The concept of unity describes the relationship between the individual parts and the whole of a composition. It investigates the aspects of a given design that are necessary to tie the composition together, to give it a sense of wholeness, or to break it apart and give it a sense of variety. Unity in design is a concept that stems from some of the Gestalt theories of visual perception and psychology, specifically those dealing with how the human brain organizes visual information into categories, or groups2.
Gestalt theory itself is rather lengthy and complex, dealing in various levels of abstraction and generalization, but some of the basic ideas that come out of this kind of thinking are more universal.
Closure is the idea that the brain tends to fill in missing information when it perceives an object is missing some of its pieces. Objects can be deconstructed into groups of smaller parts, and when some of these parts are missing the brain tends to add information about an object to achieve closure. In the below examples, we compulsively fill in the missing information to create shape.
Continuance is the idea that once you begin looking in one direction, you will continue to do so until something more significant catches your attention. Perspective, or the use of dominant directional lines, tends to successfully direct the viewers eye in a given direction. In addition, the eye direction of any subjects in the design itself can cause a similar effect. In the below example, the eye immediately goes down the direction of the road ending up in the upper right corner of the frame of reference. There is no other dominant object to catch and redirect the attention.
Similarity, Proximity and Alignment
Items of similar size, shape and color tend to be grouped together by the brain, and a semantic relationship between the items is formed. In addition, items in close proximity to or aligned with one another tend to be grouped in a similar way. In the below example, notice how much easier it is to group and define the shape of the objects in the upper left than the lower right.
Head on over to the Principles of Design to read more. Even if you've been a designer for years, reread through these and perhaps even more advanced design principles (like Divine Proportion) to become a better designer.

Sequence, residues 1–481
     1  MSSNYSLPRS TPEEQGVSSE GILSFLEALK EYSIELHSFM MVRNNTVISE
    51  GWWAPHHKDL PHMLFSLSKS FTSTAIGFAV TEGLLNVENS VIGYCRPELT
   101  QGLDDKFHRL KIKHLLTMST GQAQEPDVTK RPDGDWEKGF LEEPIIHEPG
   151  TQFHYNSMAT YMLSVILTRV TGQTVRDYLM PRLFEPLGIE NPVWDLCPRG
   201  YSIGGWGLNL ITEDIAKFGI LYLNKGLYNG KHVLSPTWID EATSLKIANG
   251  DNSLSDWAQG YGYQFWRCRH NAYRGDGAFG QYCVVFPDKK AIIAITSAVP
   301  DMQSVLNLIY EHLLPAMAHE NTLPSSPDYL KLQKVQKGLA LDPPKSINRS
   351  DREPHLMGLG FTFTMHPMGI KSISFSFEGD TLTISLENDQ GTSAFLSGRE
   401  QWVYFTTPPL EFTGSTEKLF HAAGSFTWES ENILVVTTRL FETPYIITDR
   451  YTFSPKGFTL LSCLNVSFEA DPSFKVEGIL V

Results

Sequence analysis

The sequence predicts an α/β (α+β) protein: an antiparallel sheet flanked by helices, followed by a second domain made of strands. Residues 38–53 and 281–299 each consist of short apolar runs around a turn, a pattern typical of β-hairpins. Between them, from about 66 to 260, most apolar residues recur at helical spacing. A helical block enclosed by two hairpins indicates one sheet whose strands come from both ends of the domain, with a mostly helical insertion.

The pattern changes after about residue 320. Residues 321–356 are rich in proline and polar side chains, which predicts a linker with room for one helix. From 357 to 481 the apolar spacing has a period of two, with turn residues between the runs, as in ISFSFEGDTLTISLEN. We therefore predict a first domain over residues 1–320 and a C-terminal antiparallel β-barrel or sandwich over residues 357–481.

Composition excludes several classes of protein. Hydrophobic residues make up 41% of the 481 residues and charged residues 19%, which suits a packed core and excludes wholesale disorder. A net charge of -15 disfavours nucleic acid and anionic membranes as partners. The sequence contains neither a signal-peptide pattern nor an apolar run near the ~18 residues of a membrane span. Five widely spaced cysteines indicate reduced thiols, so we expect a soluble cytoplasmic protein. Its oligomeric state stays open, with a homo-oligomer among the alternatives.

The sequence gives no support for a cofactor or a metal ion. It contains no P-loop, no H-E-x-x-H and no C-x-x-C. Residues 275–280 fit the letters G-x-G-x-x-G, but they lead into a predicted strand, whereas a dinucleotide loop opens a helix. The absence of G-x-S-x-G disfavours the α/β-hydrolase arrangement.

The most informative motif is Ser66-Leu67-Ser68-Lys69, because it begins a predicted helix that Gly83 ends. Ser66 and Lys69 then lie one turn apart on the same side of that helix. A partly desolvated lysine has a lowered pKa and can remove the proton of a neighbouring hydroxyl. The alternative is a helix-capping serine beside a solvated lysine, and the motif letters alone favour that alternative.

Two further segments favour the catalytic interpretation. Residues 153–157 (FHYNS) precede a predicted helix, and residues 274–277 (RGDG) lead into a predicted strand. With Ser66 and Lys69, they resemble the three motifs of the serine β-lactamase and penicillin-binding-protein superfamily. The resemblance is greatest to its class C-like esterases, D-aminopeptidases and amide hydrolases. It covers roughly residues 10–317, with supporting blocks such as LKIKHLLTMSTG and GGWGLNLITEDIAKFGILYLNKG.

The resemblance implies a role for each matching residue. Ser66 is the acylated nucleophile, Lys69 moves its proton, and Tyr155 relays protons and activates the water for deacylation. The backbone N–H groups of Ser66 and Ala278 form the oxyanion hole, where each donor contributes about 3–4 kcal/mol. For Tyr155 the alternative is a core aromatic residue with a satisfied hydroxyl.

3. Do a Design Tutorial
Sometimes just running through a tutorial on the web can open your eyes to many new techniques, best practices, and even put the design principles above in action to better see how they can work. Also, focus on actual graphic design tutorials specifically to become better at design.
Things you may want to consider learning about are:
- Logo Design
- Illustrator Vector Art
- Graphic Design Photoshop Tutorials
- Image Manipulation
There are plenty of websites that focus more on graphic design rather than web design tutorials. Branch out and stop learning how to create different types of web designs. Focus on the design aspect so you can later implement it into a web design.
4. Collect Resources
Go browse the net now and find your favorite blogs, resource sites, and inspirational sites. Subscribe to all of their feeds. I found that before I did this, I only had a few feeds, and not a lot of inspiration. Get familiar with the community by staying up to date. Right now, I have 15+ feeds in my Google reader right now, meaning I have 42 (15x3) possible sources of inspiration or knowledge-gaining just on my Google page.
By doing this, you can find inspiration, a great new tutorial, or expand your horizons beyond just what you’re looking for. It may help you discover something in the design world you weren't even aware of. Without a collection of resources like this, you are limited to only building upon what you already know.
Also (with the right finances) collect design books, help sheets, and other forms of printed materials. Inspiration beyond the computer screen is invaluable as many designers know, and sometimes we can think and learn with a clearer head from a book rather than a computer screen. Also, many design-related books, magazines, and other materials are much more in-depth than the average blog post or article on the web.
5. Find Your Worst Habits
What are your worst habits as far as graphic design goes? Is it not branching out into new tangents? Is it not using enough whitespace and cluttering up your designs? Is it a lack in creativity?
Once you identify your bad designer habits, you can focus on fixing them. If you determine you have a problem with creativity, research methods on how to become creative in your own sense. If it's a more specific issue — like the cluttering of a design and lack of whitespace issue above — research whitespace and techniques on becoming better at identifying a great use of it.
You may find that focusing very specifically on your problems can help you better overcome them rather than trying to learn new design techniques from all over the place.